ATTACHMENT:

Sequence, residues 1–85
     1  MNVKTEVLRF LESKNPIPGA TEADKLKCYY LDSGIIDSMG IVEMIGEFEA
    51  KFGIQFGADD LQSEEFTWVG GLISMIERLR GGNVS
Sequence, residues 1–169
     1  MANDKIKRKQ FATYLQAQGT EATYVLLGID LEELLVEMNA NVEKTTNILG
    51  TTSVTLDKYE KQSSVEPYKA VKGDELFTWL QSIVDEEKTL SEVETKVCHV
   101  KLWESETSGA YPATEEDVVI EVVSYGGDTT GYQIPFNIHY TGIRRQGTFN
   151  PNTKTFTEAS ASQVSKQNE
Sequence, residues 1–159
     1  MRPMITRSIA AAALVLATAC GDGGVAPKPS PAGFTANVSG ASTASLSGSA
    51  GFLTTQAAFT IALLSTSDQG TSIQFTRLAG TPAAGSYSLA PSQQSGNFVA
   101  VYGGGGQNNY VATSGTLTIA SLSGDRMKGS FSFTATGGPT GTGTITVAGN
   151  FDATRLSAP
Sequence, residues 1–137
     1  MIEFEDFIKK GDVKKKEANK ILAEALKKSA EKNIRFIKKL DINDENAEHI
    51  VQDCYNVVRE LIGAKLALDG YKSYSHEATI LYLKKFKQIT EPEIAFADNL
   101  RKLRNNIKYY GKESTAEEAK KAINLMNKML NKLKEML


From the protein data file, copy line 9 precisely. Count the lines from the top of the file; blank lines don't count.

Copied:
Sequence, residues 1–159